If you had to describe the vibe and culture of New Orleans in one word, it would probably be “festive.” From the boisterous good times that happen on every corner and in every establishment, to the live jazz music you can hear throughout the city on a daily basis, New Orleans gives the word “soulful” a new meaning. The food scene is among the must-dos in this southern city. There are many options, but these are some of the best:


This indulgent treat is one of New Orleans’ most popular and well-known treats – for a reason. Cafe du Monde makes some of the best beignets in the city.  They are decadent and mouthwatering, especially when paired with a steaming cup of cafe-au-lait.  The secret to the almost chocolate flavor of the coffee at Cafe du Monde is chicory.  It’s a lovely, soft and rich flavor that blends well with fresh beignets.

Maiz de la Rueda

New Orleans has boasted an increasingly widening variety of food from different countries in recent years, a development that is demonstrated at Maïs Arepas. The restaurant’s distinctly Mexican dish, Maiz de la Rueda, consists of corn-on-the-cob topped with cotija cheese, spicy butter and salsa rosado.

Fried Chicken

What would a trip to the south be without trying fried chicken prepared the southern way? Willie Mae’s Scotch house is perhaps most well-known for its “America’s best” fried chicken, revered for its juicy meat and delicately golden, crispy breading.

Turtle Soup

Very few places in the United States serve turtle soup anymore, which is surprising considering the tantalizing taste. Some say that turtle meat embodies the flavors of no less than seven different types of meat. Fortunately, you can still taste this rare delicacy at Commander’s Palace, considered among the most prestigious fine dining experiences in New Orleans.

Krispy Kreme Bread Pudding

Krispy Kreme is an institution in the south. When the sign indicating freshly baked, hot doughnuts is lit up, the crowds flock to it. Krispy Kreme bread pudding, served at Boucherie, elicits the same fervent response. In fact, public protest stopped Chef Nathaniel Zimet from retiring the decadent dessert from the menu.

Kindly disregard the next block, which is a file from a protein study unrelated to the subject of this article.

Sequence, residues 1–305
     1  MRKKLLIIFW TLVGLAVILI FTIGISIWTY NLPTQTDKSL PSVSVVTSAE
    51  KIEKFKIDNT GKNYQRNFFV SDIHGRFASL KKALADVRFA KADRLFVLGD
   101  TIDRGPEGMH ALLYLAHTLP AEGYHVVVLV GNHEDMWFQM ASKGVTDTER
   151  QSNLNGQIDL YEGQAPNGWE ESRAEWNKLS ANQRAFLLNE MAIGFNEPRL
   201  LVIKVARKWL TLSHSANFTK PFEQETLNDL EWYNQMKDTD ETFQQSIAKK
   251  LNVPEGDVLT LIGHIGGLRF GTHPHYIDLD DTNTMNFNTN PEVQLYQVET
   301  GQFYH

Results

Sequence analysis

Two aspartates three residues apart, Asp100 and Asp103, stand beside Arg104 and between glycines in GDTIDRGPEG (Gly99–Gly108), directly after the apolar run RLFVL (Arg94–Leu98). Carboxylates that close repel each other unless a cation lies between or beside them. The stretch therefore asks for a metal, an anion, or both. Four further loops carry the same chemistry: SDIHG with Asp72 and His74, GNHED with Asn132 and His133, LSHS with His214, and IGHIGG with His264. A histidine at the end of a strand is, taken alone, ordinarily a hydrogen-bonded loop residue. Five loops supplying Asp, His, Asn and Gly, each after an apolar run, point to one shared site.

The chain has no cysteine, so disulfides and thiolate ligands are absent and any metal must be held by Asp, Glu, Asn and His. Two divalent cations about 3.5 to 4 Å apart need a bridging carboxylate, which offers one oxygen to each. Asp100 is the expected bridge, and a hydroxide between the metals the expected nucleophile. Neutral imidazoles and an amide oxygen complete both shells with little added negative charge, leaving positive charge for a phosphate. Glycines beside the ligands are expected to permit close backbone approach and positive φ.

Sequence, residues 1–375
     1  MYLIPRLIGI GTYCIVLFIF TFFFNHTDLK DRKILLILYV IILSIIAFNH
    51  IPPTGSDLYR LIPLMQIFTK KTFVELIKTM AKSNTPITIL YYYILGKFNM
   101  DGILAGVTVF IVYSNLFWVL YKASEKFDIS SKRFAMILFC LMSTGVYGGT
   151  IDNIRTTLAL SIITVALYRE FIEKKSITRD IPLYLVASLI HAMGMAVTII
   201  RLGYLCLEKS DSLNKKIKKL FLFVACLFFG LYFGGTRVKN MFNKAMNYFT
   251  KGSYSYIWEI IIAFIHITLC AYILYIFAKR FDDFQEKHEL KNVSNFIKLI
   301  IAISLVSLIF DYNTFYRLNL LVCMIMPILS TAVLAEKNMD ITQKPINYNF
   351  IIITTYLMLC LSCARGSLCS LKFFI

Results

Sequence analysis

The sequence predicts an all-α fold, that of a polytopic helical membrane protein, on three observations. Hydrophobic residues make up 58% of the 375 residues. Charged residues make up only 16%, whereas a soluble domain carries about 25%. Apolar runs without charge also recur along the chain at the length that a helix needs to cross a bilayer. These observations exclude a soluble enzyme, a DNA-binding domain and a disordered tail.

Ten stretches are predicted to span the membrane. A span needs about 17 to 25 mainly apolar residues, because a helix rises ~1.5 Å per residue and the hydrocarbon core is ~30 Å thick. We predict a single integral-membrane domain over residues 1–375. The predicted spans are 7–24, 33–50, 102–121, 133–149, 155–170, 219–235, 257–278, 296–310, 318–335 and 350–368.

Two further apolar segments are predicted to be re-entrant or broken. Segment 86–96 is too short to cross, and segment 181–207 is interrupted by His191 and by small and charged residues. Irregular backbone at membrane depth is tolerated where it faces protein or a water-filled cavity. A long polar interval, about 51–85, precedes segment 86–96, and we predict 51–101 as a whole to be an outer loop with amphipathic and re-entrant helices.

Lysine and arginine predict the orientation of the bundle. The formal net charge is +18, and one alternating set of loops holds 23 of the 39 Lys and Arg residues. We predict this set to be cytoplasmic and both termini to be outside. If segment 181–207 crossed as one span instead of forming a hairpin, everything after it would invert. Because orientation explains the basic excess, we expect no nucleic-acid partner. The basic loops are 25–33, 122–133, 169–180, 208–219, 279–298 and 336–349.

Charbroiled Oysters

Meet the seafood version of the loaded baked potato! The charbroiled oysters at Drago’s are grilled over an open fire while still in their shells and generously smothered in cheese, butter, garlic and seasoning.

Le Pig Mac

If you are a fan of pork and mighty burgers, le pig mac at Cochon Butcher will send you straight to food heaven. Cheese, pickles, lettuce and “special sauce” top a double pork patty sandwiched between two golden sesame seed buns.


Few foods are as quintessentially New Orleans as jambalaya. The savory Creole dish is made with multiple meats, seasonings, tomatoes, celery, onions, bell peppers and rice. Mother’s is widely regarded as having perfected jambalaya – so if you want the best version of it, Mother’s is a safe bet.

This list merely scratches the surface of the many different types of food served at establishments throughout New Orleans. It will give you a great start to tasting all that The Big Easy has to offer in the way of cuisine.

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Source: https://spoonuniversity.com/lifestyle/new-orleans-bucket-list-foods

Michael Richardson
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